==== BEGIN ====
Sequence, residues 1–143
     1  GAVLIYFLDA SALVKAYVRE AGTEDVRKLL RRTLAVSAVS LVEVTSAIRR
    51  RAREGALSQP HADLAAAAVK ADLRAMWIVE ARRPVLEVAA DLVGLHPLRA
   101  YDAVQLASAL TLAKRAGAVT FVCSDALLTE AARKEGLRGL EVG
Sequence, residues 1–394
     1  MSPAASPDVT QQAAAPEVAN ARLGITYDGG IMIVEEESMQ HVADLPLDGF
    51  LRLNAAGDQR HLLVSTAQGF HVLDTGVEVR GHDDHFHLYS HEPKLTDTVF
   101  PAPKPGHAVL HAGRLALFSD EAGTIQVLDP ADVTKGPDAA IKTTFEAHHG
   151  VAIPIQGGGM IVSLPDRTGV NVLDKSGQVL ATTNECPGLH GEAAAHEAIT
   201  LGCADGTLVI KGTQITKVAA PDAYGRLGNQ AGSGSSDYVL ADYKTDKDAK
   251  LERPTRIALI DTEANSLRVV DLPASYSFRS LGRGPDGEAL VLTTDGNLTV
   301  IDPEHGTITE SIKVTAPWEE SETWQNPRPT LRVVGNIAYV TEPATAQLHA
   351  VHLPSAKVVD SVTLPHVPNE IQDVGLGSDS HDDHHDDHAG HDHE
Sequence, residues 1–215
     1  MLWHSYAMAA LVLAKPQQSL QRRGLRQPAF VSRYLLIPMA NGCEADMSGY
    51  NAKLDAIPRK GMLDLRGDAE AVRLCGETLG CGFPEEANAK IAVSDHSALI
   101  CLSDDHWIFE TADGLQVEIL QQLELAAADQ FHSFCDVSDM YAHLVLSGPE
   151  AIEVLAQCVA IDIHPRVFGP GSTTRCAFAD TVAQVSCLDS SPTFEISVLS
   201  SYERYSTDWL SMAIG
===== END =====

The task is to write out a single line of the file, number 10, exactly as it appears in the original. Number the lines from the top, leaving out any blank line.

   201  LGCADGTLVI KGTQITKVAA PDAYGRLGNQ AGSGSSDYVL ADYKTDKDAK